Pandemic Struggles and Lessons of Foster Care Alumni

by Shanita Dildy-Goings •

Every generation has their challenges, their life altering events and lessons learned. Every lifetime comes fraught with trials and tribulations that seem insurmountable at first, unforgiving at best, and at times without end. Somehow though, time after time we manage to pull through and come out stronger, wiser, and more prepared for the next game changer.

At least that is what I’ve experienced, witnessed, and heard from young adults just like me about their experiences with the pandemic and the new reality the virus left us in its devastating wake. Being of the substitute care community, we know all about rising to the challenge, adapting, and persevering. Yet this doesn’t mean we don’t struggle, occasionally stumble, or meet our own dead ends.

Being of the substitute care community, we know all about rising to the challenge, adapting, and persevering. Yet this doesn’t mean we don’t struggle.

Even though my challenges differed slightly in comparison to those I’ve spoken to, we still shared some of the same struggles living through COVID-19. Firstly, I and everyone I spoke with is in the age 20-28 range and was previously in the substitute care system. Another similarity is that we all had some experience of the structural decay, limited accessibility, and depletion of vital household resources caused by the pandemic.

Personally, my studies were severely affected by the initial atmosphere the crisis began with—reminiscent of some science fiction horror flick—disrupting education systems everywhere. I still pressed on trying to get through the semester ignoring my anxiety, the news reports, and my fear.

Anger replaced all of this when schools started to slowly evacuate their campuses and cancel classes to be replaced with virtual classrooms. One young lady I talked to felt she had no time to recover from the sudden changes as well as the various social movements that began making their voices heard at the same time. In response to stress “I just lost it!” she says.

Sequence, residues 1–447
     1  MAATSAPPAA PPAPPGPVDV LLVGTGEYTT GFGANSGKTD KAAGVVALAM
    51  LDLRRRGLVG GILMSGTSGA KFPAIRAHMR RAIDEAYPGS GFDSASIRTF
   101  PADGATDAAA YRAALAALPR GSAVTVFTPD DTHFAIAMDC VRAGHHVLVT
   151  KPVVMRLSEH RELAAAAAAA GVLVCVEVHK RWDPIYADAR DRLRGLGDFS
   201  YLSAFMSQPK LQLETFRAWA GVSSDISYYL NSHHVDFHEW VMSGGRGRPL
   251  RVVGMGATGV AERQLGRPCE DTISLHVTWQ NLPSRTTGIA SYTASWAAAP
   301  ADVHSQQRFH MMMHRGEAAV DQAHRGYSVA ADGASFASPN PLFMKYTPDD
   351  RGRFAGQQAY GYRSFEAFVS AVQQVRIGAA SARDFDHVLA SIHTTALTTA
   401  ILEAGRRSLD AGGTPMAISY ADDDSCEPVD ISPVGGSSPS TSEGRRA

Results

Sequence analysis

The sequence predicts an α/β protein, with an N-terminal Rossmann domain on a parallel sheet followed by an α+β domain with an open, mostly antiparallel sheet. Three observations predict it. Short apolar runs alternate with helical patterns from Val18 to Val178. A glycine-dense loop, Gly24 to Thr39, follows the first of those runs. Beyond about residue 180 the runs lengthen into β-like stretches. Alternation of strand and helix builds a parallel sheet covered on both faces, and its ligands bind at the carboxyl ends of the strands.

“I paid for classes that I did not get to take,” lamented one male student, no doubt expressing the exact sentiments of many displaced students. I was living in the dorm of my university and had basically transferred half my life to a new city. I became homeless, I didn’t work, and funds sent from relief aid and school refunds did not last.

I struggled and still struggle, but at least I have only myself to worry about. A single mother and sole breadwinner of her household told me, “I became a teacher and quarantine specialist on top of having to still find ways to provide and be a parent.” These conditions put a strain not only on family life but on the children who have also been displaced from their normal reality.

There are people so negatively affected from being away from their families, jobs, and being able to go out that a rise in depression along with other mental illnesses is something that is becoming more apparent.

What have I and those I spoke to learned from COVID? The pandemic led some of us to discover new passions. Others have been reminded of old flaws.

I have learned not to stress so much. I have hope that as fall approaches change will come with it. Good or bad, we will persevere.

Shanita Dildy-Goings is an almuna of foster care, a member of SaySo, and a college student in North Carolina.